From hockey to Cirque du Soleil and Celine Dion, it's easy to see signs of our neighbors to the north in Las Vegas.
But even off the Strip and out of the limelight, Canada has a major impact on our local economy.
8,000 people are directly employed by Canadian companies in Nevada, the vast majority of which are in the Las Vegas valley.
Even more than that, around 83,000, are employed by companies that do trade with Canada.
One of those companies, Toronto-based Barrick Gold, is a gold mining company that works out of mines in northern Nevada. A few years ago, they also moved their IT and technology center to Henderson.
They have 85 employees there and are planning to expand and hire even more locals.
The fact that Canadian companies are finding success in employing locals isn't an accident. Groups like the Business Council of Canada and Nevada work closely to bring Canadian leaders in contact with the government and business contacts in southern Nevada they need to open up shop.
"Nevada is a very business-friendly state to begin with," says Richard Perkins with the business council.
He says the governor's office and others have been very open to Canadian companies coming to Nevada.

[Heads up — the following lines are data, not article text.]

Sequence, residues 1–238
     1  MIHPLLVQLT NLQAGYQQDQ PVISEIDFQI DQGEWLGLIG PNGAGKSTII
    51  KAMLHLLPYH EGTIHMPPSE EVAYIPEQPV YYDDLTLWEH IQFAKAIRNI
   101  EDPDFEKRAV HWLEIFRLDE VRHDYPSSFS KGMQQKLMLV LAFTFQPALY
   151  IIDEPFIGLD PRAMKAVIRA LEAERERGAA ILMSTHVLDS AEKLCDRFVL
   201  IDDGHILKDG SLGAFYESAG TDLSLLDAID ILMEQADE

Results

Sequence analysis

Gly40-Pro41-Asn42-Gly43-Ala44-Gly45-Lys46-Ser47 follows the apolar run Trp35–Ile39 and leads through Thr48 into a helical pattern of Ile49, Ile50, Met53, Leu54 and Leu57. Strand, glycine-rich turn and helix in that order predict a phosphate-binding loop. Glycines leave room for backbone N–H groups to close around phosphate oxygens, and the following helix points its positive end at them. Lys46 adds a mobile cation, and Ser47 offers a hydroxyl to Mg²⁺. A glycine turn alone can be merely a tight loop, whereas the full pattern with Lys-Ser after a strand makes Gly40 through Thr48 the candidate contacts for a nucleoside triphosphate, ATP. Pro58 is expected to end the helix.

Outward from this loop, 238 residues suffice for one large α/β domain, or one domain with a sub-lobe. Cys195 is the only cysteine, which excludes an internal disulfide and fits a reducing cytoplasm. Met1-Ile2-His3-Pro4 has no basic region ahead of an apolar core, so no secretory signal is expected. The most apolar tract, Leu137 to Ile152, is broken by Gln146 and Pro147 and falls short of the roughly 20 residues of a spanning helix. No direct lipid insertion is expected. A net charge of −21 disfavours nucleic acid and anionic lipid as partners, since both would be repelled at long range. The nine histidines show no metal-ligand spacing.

But at the federal level, the picture is a little different. Some Canadian officials are concerned over President Donald Trump's trade policies, specifically how changes to the North American Free Trade Agreement would impact trade and jobs with the U.S. and Nevada.
"It's sort of a wake-up call for Canada," says Canadian consul general James Villeneuve, who covers Los Angeles and Nevada.
He says because of that, they're working even harder to strengthen their partnerships with states like Nevada to make sure they drive home how important Canadian relations are to the states for trade and jobs.
Villeneuve says that way, states will have a stronger day in fighting to make sure agreements like NAFTA stay in place, protecting jobs that employ many locals in Las Vegas.